"A lot done, a lot more to do" – Ron Hawkins in the stripped-out Mavis at mid-restoration. Photo: Tim Magennis"A lot done, a lot more to do" – Ron Hawkins in the stripped-out Mavis at mid-restoration. Photo: Tim Magennis

That said, there's a certain sweet sadness in this image, as the boat abeam to weather - the traditional 50ft cutter Vela of 1996 vintage - was designed and sailed for 25 years by Ron's brother, Captain Havilah Hawkins Jnr.

In addition to introducing people to classic sail, Vela did much good work in strengthening the links between sailing and mental health programmes. But now with the passage of the years, she has been sold to Portland, a hundred miles away. This is therefore one of the last times Vela and Mavis were together, so visibly sharing the joy of sailing. Yet there's something that suggests that with Vela now beyond the horizon, Mavis will find an additional and very worthwhile purpose in her remarkable life.

Secret of speed? As Ron Hawkins' restoration of Mavis nears completion, it's clear that her stern - while apparently of canoe form - is in fact a skilfully-disguised and very swift classic counter. Photo: Denise PukasSecret of speed? As Ron Hawkins' restoration of Mavis nears completion, it's clear that her stern - while apparently of canoe form - is in fact a skilfully-disguised and very swift classic counter. Photo: Denise Pukas

Published in Historic Boats
Tagged under

The noted Irish yacht designer and builder John B Kearney (1879-1968) was a real grafter. His day job was as shipwright and later superintendent of the workshops of the Dublin Port & Docks board. But when he decided to build himself a new cruising yawl in late 1923, he set up the building site in a corner of Murphy's Boatyard in Ringsend, and though much of his day job involved building boats, for the next 18 months he spent every spare minute building his new boat without any power tools, and using oil lamps as much of the work was done at night.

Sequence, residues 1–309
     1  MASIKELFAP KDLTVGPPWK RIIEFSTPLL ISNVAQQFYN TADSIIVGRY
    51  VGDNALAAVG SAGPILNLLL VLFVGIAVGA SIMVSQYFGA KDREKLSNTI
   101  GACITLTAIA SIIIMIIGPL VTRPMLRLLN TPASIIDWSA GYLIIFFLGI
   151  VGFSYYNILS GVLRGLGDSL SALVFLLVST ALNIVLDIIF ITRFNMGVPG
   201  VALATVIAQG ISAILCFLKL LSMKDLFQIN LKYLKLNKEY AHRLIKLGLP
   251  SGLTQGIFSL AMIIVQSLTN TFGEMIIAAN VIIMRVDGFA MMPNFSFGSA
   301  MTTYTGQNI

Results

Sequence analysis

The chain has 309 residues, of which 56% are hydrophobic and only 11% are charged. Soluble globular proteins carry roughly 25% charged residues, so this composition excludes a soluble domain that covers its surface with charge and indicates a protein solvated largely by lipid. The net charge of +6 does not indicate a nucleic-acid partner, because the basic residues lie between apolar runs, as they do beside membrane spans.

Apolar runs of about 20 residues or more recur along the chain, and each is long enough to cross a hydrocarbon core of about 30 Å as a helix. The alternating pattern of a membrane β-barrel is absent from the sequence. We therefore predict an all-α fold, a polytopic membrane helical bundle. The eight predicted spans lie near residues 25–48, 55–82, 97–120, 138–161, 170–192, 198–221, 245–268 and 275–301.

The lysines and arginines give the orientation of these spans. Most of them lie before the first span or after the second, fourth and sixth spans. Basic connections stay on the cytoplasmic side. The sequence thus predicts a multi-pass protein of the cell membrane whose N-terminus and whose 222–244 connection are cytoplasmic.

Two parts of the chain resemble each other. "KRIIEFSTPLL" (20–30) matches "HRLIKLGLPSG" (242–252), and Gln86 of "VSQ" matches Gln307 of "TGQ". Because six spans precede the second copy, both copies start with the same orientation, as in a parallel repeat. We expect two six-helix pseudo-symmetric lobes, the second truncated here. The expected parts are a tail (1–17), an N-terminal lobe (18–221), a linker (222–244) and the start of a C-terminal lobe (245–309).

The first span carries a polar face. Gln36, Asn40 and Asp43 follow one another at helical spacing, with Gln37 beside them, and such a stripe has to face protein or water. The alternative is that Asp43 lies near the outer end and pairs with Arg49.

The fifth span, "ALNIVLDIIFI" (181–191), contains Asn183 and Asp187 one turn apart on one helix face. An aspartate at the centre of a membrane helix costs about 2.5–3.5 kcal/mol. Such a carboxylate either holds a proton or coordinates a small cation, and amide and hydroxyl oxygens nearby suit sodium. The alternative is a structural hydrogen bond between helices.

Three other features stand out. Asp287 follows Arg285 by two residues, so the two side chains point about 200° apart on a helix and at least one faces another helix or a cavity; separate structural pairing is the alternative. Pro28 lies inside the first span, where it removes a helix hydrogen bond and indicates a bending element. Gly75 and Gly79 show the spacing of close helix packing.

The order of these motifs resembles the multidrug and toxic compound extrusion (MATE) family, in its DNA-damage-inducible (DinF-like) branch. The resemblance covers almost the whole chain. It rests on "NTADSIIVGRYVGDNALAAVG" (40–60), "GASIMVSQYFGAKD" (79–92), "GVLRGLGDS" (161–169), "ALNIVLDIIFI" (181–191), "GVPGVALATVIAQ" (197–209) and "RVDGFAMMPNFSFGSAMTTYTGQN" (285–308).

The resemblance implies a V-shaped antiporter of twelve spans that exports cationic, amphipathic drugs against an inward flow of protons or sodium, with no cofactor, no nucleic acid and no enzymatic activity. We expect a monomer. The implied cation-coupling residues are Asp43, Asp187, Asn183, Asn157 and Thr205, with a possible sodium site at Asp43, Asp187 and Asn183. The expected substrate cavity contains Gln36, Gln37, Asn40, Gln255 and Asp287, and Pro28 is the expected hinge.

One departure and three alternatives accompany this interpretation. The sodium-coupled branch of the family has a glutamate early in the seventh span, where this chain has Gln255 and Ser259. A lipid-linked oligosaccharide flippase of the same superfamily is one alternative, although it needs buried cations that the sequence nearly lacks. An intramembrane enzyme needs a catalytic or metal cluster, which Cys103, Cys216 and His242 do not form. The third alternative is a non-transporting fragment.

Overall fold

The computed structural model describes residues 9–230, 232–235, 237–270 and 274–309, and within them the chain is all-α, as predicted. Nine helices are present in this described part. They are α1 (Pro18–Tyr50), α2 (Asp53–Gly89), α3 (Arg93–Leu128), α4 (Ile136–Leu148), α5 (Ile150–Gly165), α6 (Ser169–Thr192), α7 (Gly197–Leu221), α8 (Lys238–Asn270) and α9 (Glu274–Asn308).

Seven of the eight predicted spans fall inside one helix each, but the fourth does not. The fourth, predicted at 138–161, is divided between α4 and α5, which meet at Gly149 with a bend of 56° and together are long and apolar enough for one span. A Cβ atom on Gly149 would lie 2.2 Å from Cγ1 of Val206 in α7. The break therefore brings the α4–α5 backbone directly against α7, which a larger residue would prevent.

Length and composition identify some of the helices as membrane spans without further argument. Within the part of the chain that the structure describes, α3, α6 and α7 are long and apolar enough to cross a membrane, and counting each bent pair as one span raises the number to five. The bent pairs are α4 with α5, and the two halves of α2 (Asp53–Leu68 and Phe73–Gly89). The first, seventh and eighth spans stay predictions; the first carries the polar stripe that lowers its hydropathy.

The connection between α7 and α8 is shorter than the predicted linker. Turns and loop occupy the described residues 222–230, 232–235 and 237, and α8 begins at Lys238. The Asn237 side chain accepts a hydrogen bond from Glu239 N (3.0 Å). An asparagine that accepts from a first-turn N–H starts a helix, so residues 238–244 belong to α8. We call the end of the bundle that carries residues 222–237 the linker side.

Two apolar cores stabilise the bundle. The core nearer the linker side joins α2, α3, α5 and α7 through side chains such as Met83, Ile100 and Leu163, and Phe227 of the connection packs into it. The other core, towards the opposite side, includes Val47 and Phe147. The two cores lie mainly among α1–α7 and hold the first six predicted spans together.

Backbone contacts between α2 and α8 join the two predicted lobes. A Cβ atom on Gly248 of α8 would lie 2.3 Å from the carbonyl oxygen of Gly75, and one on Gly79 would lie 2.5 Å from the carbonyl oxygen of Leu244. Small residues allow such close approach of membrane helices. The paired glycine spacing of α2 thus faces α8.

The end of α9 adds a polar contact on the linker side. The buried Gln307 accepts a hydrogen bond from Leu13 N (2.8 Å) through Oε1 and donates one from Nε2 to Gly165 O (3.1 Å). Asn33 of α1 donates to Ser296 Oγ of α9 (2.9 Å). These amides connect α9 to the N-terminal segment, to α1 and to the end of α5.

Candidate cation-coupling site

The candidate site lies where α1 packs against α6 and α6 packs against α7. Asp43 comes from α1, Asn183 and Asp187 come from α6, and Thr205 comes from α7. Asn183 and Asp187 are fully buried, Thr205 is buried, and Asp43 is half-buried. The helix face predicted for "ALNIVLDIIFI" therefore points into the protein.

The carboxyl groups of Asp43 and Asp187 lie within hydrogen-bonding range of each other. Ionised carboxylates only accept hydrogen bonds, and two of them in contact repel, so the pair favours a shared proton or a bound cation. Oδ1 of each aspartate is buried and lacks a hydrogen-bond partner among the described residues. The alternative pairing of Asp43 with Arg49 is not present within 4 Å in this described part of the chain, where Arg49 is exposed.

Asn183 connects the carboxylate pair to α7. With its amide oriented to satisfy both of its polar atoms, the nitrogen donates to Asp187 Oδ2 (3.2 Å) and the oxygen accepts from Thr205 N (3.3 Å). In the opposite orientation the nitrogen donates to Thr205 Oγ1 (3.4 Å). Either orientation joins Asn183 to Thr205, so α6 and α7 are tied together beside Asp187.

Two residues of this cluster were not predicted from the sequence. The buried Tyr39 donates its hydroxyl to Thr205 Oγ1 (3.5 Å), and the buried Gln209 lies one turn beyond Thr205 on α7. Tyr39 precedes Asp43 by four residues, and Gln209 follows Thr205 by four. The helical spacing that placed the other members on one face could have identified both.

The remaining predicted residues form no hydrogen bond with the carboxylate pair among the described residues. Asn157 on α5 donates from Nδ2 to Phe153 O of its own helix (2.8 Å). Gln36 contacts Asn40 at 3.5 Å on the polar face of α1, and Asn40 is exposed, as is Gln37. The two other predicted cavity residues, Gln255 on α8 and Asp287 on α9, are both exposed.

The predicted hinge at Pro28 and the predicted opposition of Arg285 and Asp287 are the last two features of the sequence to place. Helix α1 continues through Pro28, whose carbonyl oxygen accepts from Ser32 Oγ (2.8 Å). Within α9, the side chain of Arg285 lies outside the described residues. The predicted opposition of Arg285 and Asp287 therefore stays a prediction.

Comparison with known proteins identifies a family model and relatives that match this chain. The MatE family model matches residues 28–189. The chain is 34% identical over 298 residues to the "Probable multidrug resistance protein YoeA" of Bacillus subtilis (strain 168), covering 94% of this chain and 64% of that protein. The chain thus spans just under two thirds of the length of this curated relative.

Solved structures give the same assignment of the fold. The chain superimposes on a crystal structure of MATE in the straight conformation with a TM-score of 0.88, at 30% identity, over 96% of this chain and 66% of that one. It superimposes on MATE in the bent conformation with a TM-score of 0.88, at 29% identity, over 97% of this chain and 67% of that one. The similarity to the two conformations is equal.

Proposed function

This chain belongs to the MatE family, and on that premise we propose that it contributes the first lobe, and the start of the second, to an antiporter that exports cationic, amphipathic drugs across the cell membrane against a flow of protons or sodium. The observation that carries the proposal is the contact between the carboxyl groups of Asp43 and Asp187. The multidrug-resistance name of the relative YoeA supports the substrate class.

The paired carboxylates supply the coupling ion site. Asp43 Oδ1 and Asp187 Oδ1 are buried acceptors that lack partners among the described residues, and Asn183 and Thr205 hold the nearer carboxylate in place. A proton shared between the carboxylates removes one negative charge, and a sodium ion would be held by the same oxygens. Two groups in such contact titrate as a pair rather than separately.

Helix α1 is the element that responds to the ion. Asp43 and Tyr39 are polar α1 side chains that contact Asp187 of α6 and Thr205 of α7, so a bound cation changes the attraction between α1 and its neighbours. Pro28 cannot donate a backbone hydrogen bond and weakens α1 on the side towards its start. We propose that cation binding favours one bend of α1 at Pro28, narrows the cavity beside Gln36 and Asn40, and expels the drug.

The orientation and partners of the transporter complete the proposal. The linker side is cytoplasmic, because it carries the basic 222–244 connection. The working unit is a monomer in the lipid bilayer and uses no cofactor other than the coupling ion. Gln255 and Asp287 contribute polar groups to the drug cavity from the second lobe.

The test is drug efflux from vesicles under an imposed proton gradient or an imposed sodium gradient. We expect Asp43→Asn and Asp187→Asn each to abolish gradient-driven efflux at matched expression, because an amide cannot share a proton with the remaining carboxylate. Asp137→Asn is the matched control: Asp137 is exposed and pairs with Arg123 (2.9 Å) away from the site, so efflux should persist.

She became the Mavis, famous and much-loved on the Irish coast, but in 1956 she was sold to an Irish doctor who almost immediately was offered an attractive posting in America, so Mavis was taken there by Irish Shipping. She has had mixed fortunes over there ever since, but for many years now she has been in the process of being brought back to life as a personal project by traditional shipwright Ron Hawkins of Brooklin in Maine. 

Mavis in 2021, second in last Saturday's Eggemoggin Reach Race out of Brooklin in Maine - her first race since restoration. In time, the sailplan will be completed in traditional materials to match her 1928 appearance.Mavis in 2021, second in last Saturday's Eggemoggin Reach Race out of Brooklin in Maine - her first race since restoration. In time, the sailplan will be completed in traditional materials to match her 1928 appearance. Photo courtesy Denise Pukas

The years have been many because the demand for quality work by traditional shipwrights is very high indeed in Maine, and unlike John Kearney with his set working days, there are times when Ron's skills seem to be on call on a 24/7 basis for a multitude of clients.